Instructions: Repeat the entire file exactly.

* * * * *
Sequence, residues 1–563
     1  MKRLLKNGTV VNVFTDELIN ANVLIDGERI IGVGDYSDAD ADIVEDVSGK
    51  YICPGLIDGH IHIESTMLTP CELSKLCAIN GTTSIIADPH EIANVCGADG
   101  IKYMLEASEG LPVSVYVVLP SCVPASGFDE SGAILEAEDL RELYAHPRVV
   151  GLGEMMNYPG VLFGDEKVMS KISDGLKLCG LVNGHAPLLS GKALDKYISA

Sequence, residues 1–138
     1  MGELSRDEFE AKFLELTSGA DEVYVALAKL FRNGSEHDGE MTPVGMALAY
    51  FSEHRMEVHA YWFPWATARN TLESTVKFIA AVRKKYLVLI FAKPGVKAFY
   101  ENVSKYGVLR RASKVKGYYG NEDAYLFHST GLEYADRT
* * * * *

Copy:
Sequence, residues 1–563
     1  MKRLLKNGTV VNVFTDELIN ANVLIDGERI IGVGDYSDAD ADIVEDVSGK
    51  YICPGLIDGH IHIESTMLTP CELSKLCAIN GTTSIIADPH EIANVCGADG
   101  IKYMLEASEG LPVSVYVVLP SCVPASGFDE SGAILEAEDL RELYAHPRVV
   151  GLGEMMNYPG VLFGDEKVMS KISDGLKLCG LVNGHAPLLS GKALDKYISA

Sequence, residues 1–138
     1  MGELSRDEFE AKFLELTSGA DEVYVALAKL FRNGSEHDGE MTPVGMALAY
    51  FSEHRMEVHA YWFPWATARN TLESTVKFIA AVRKKYLVLI FAKPGVKAFY
   101  ENVSKYGVLR RASKVKGYYG NEDAYLFHST GLEYADRT